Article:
iRunFar: You seem like a student of the sport. Objectively like if you zoom out to like, be your coach for a second. What do you think is your potential at Western States?

Glick: It’s really hard to say. I was hoping this would be the accurate, you know, debut Western States where I would have my day. It was so far from my day that like, I think I’d be able to put a number out there because like, I don’t want to disrespect the people in front of me. What Adam did, what Jim did, like, I don’t even want to say because like, you haven’t done it until you’ve done it. Like I might come back next year and do the same dumb thing or whatever. And also with gratitude, like I can’t believe there for a while, I wasn’t going to top 10. And I reeled in a podium.

iRunFar: It’s just a great like kind of metaphor for the sport. It’s a metaphor for life. Like it’s a long journey and things change.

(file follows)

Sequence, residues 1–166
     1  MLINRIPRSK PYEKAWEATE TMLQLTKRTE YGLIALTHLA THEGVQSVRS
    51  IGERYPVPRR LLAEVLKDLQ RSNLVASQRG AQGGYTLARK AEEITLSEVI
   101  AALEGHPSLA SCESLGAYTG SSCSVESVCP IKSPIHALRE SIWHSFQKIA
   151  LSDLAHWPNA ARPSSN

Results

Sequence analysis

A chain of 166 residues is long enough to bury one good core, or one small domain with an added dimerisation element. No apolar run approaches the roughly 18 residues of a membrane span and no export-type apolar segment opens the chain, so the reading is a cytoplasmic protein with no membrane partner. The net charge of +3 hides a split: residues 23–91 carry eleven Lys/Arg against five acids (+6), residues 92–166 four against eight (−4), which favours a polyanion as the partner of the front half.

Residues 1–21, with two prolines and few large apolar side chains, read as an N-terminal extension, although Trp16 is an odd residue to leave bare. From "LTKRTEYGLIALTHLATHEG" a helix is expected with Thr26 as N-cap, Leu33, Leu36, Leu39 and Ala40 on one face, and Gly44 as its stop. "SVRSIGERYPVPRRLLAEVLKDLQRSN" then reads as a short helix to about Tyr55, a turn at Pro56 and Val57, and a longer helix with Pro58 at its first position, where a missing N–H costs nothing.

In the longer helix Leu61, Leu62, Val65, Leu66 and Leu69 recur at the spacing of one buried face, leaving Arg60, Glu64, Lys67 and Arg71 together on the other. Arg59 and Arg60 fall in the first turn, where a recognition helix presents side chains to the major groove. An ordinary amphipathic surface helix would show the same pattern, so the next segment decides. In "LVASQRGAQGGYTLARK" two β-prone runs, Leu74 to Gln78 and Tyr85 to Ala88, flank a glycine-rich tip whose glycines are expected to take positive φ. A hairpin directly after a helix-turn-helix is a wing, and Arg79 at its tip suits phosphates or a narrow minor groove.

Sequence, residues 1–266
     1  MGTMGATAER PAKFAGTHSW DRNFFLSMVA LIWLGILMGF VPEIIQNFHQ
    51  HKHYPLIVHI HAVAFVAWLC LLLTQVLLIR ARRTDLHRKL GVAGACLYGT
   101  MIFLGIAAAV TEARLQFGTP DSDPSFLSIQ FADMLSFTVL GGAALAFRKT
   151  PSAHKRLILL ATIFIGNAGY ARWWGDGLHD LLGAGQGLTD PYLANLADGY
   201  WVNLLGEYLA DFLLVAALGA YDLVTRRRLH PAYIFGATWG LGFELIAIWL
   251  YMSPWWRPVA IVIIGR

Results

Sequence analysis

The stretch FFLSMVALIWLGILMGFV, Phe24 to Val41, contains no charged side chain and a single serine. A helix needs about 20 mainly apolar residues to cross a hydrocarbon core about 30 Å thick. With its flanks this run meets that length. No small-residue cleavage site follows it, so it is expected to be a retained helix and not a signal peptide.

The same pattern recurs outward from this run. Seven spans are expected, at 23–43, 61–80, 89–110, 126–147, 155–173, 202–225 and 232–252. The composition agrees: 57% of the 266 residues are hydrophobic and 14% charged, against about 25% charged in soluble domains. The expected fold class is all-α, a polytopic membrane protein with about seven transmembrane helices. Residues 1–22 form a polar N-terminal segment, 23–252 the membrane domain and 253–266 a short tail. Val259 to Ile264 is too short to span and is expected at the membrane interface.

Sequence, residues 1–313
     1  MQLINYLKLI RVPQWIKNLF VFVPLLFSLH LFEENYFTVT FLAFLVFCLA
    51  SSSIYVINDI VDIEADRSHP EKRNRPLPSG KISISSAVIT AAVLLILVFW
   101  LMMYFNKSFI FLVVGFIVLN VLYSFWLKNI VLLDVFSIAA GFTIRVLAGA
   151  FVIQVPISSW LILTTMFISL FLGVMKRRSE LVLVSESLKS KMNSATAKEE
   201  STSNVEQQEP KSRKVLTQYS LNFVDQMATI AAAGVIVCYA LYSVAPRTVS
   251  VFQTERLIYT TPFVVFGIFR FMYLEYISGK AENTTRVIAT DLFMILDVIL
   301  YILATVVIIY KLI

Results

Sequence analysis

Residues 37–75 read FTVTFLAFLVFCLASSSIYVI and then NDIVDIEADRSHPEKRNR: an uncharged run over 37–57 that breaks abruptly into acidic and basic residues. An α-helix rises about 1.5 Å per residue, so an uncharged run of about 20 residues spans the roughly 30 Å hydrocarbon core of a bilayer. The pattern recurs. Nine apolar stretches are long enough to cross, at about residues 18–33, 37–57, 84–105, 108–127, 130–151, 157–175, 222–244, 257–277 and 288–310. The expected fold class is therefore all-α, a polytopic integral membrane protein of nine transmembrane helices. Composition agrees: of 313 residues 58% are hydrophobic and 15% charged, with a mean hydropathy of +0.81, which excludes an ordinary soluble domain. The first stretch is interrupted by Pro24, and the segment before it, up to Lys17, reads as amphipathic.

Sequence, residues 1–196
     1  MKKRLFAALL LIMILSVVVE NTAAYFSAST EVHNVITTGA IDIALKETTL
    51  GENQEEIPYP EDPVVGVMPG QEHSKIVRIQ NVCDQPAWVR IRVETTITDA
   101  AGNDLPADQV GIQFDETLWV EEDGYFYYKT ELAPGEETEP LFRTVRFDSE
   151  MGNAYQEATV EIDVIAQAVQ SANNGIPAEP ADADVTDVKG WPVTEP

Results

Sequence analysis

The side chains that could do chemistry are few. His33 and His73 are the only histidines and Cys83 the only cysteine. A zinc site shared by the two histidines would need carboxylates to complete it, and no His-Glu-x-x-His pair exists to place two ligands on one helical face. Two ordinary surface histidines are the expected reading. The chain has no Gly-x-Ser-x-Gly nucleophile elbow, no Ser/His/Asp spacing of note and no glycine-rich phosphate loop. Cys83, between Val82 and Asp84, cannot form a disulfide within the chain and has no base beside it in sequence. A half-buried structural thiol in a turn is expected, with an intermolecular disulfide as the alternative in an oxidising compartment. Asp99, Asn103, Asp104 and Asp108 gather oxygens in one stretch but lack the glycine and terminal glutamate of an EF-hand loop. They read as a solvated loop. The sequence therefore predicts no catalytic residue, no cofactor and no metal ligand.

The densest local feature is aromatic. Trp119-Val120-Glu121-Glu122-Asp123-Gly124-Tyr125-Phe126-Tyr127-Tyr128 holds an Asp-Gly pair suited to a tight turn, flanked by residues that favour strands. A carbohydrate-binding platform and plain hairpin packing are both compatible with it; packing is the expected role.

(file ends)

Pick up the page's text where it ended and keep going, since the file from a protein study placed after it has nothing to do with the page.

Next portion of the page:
Glick: Yeah, that’s right.

iRunFar: Well, congratulations on your podium finish at the 2022 Western States Endurance Run and perhaps we’ll see you in 2023.

Glick: Thank you so much for having me.

Meghan Hicks

Meghan Hicks is the Editor-in-Chief of iRunFar. She’s been running since she was 13 years old, and writing and editing about the sport for around 15 years. She served as iRunFar’s Managing Editor from 2013 through mid-2023, when she stepped into the role of Editor-in-Chief. Aside from iRunFar, Meghan has worked in communications and education in several of America’s national parks, was a contributing editor for Trail Runner magazine, and served as a columnist at Marathon & Beyond. She’s the co-author of Where the Road Ends: A Guide to Trail Running with Bryon Powell. She won the 2013 Marathon des Sables, finished on the podium of the Hardrock 100 Mile in 2021, and has previously set fastest known times on the Nolan’s 14 mountain running route in 2016 and 2020. Based part-time in Moab, Utah and Silverton, Colorado, Meghan also enjoys reading, biking, backpacking, and watching sunsets.